For six weeks, retired teacher Ellen Barrett, 77, said she felt like she had a full-time job: searching for a coronavirus vaccine.
She contacted Montgomery County. She thought she secured appointments at Montgomery County Community College, she said, and with St. Luke’s health system in Bethlehem, only to later be notified they’d been canceled without explanation. Every time a friend or neighbor texted Barrett saying they had successfully made an appointment, she ran to the computer in her Elkins Park home, only to be shut out. Finally last month, Barrett got her first shot at the small Yorktown Pharmacy, where she had been on a waiting list for six weeks.
“It’s like you’ve won the lottery,” she said. But the complex, all-consuming, 24/7 process to get that coveted appointment was “beyond my comprehension.” She has several friends, she said, who are eligible due to their age and health conditions but are “at their wit’s ends,” unable to get appointments. And these people, she said, are computer savvy.
“What about the people who don’t have computers?” Barrett said
In Pennsylvania and New Jersey, any senior, 65 and older, is eligible to be vaccinated. In Pennsylvania, about 44% of seniors, excluding those who live in Philadelphia, had received at least one dose of a coronavirus vaccine as of Tuesday, according to Department of Health data. In New Jersey, about half of its seniors have been vaccinated, according to state data, and Camden County, which has given shots to nearly half its 65-plus population, has done targeted outreach, including busing older residents to the FEMA site in Camden city, a spokesperson said.
But two months into the coronavirus vaccine rollout, many of Pennsylvania’s 2.2 million seniors said they have not been able to get an appointment for a shot, according to a statewide AARP survey, and their frustration with the process has only mounted, amid the news of a second-dose shortage and controversy over the southeast region’s vaccine supply.
“It is life and death. They’re constantly telling us they want to see their grandchildren again,” said Bill Johnston-Walsh, state director of AARP Pennsylvania. “What we’re hearing from our members is they don’t know where to turn.”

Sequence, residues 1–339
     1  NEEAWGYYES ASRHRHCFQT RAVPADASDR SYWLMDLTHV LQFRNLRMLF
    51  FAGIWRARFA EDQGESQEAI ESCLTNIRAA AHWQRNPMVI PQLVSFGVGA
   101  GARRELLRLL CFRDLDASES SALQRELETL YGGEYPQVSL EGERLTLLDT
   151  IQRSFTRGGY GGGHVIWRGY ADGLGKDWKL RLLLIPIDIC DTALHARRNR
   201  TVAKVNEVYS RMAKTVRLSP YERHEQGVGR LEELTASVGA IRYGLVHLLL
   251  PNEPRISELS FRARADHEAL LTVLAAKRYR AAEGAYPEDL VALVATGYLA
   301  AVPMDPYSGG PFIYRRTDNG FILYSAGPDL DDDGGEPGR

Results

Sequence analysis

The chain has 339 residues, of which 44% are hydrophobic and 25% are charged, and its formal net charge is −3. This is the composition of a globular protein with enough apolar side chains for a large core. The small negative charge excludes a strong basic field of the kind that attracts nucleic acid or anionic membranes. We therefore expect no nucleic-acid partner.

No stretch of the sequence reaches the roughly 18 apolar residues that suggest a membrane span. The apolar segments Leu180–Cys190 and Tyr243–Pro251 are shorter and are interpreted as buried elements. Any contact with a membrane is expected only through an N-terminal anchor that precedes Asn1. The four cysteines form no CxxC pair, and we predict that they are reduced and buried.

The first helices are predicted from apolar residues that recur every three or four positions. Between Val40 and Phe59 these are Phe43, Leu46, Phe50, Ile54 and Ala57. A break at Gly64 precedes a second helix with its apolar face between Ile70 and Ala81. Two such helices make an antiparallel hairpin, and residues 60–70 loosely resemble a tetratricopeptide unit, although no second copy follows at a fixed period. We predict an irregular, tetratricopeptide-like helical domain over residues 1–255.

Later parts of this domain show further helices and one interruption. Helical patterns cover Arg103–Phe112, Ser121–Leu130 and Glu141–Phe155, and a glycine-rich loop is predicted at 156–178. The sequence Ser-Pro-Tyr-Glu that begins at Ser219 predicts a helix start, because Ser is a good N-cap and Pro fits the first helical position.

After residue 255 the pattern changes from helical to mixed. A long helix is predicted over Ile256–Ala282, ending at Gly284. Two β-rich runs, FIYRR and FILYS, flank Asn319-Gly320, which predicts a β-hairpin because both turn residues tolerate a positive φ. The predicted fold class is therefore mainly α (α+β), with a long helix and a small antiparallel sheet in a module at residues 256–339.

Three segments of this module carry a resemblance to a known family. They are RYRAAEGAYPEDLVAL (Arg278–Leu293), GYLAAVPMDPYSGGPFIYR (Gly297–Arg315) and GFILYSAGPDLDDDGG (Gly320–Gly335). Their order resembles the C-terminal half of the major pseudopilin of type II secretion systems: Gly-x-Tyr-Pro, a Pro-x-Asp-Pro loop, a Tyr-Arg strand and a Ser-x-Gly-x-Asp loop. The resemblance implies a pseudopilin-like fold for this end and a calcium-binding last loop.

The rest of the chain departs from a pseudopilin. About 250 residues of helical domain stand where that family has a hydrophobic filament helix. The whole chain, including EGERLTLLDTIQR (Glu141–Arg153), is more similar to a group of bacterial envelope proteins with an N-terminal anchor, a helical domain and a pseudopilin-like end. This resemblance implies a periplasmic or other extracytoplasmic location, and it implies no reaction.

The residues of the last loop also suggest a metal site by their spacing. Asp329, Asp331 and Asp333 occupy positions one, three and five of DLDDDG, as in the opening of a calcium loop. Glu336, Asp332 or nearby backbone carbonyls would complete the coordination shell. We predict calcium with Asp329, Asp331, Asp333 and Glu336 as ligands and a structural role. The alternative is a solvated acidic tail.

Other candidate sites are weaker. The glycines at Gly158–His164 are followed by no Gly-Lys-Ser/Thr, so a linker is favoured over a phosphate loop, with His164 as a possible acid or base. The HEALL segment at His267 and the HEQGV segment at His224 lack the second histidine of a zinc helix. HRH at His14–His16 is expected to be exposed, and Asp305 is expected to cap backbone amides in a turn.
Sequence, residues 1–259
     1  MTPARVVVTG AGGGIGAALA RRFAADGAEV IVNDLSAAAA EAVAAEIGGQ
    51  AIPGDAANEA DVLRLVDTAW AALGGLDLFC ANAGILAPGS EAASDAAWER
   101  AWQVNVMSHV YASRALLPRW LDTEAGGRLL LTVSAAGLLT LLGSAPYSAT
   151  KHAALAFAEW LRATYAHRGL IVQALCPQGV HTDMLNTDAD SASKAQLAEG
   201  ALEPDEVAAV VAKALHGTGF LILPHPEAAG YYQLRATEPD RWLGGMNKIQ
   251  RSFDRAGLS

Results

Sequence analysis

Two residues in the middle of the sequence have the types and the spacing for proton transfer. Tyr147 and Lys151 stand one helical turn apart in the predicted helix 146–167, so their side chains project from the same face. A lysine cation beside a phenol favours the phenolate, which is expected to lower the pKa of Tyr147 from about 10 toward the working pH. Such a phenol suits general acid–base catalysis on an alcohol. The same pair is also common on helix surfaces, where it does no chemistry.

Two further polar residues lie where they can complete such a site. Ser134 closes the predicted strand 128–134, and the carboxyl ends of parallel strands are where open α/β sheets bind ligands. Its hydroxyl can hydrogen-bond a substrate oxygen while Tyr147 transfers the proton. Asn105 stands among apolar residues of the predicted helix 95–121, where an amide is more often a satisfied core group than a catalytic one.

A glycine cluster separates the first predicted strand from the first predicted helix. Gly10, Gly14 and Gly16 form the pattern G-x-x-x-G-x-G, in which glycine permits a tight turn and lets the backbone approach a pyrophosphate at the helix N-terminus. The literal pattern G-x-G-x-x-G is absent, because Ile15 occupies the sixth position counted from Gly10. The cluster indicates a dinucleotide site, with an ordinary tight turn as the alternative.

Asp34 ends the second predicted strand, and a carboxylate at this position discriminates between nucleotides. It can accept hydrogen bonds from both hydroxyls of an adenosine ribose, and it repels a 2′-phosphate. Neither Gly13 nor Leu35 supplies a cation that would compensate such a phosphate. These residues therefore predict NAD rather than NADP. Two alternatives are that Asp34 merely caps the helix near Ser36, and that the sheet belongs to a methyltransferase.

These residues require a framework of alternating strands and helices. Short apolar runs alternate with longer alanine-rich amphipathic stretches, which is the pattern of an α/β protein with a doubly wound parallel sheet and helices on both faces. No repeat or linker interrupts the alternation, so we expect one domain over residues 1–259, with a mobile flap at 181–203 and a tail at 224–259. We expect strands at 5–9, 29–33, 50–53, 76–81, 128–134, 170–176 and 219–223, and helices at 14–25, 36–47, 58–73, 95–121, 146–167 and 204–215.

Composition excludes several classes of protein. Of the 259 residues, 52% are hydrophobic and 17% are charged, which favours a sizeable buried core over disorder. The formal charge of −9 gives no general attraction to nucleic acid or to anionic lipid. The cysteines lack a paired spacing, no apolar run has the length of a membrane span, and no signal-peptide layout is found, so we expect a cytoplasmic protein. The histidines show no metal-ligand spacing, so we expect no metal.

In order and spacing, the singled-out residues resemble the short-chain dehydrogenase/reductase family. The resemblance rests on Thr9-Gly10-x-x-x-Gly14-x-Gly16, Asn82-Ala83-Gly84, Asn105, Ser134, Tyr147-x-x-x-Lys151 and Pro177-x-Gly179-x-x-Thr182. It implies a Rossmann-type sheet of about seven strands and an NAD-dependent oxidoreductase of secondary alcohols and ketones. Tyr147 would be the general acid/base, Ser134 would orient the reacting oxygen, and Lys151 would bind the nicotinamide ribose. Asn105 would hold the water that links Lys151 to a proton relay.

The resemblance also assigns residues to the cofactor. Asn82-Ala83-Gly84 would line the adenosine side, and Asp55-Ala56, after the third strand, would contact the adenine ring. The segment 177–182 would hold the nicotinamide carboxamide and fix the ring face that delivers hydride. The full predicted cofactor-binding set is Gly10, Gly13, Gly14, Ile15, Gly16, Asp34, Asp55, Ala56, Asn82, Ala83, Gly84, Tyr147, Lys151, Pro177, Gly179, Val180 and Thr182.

Last month, AARP found that at the time only about 27% of its members had been able to secure an appointment, according to the informal survey of more than 3,000 Pennsylvania seniors, while 81% had tried unsuccessfully. When asked to describe the vaccine rollout, respondents called it “the wild west,” a “crap shoot,” and a “degrading Hunger Games,” Johnston-Walsh said.
The ones who secured appointments, he added, reported spending hours doing so, with some ultimately making appointments at clinics across the state.
“They are our most vulnerable population,” she said, “and they are having the most difficulty getting the vaccine.”
Senior advocates like Johnston-Walsh, as well as the region’s lawmakers and county officials, say those 65 and older are being boxed out of the process by younger people who are eligible due to their jobs and health conditions. They are often more tech-savvy, poised to quickly snatch up appointments on the websites of health systems and pharmacies, and physically able to wait in hours-long lines for walk-up clinics or drive to another county to get a shot. Without a central phone number for vaccine registration or senior-specific inoculation locations, many advocates worry about what will happen to much of the older population — the most likely to suffer serious illness and death from COVID-19 —when vaccine eligibility expands even more.
“I am very concerned that people will be left behind in this vaccine scheme,” said Karen Buck, director of the Philadelphia-based SeniorLAW Center.
Pennsylvania is working to ensure this doesn’t happen, Department of Health spokesperson Maggi Barton said, but has been hamstrung by a limited supply of vaccine from the federal government. The Pennsylvania Department of Aging is working with Walmart on clinics that seniors don’t need to sign up for online, she said, and pre-enrolling people served by a pharmacy assistance program for lower-income older adults. The state’s 52 Area Agencies on Aging can also help residents make vaccine appointments and arrange transportation, she added.
In Philadelphia, the vast racial and economic inequities that have been barriers to its vaccine rollout are exacerbated for elderly Philadelphians, a large, diverse, and economically disadvantaged population. On Wednesday, the city, which has its own vaccine plan separate from the state, expanded its eligibility to include people 65 and older. Previously, people 75 and older and younger people with high-risk conditions could be vaccinated. Current data on the percent of Philadelphia seniors who had been vaccinated was not immediately available.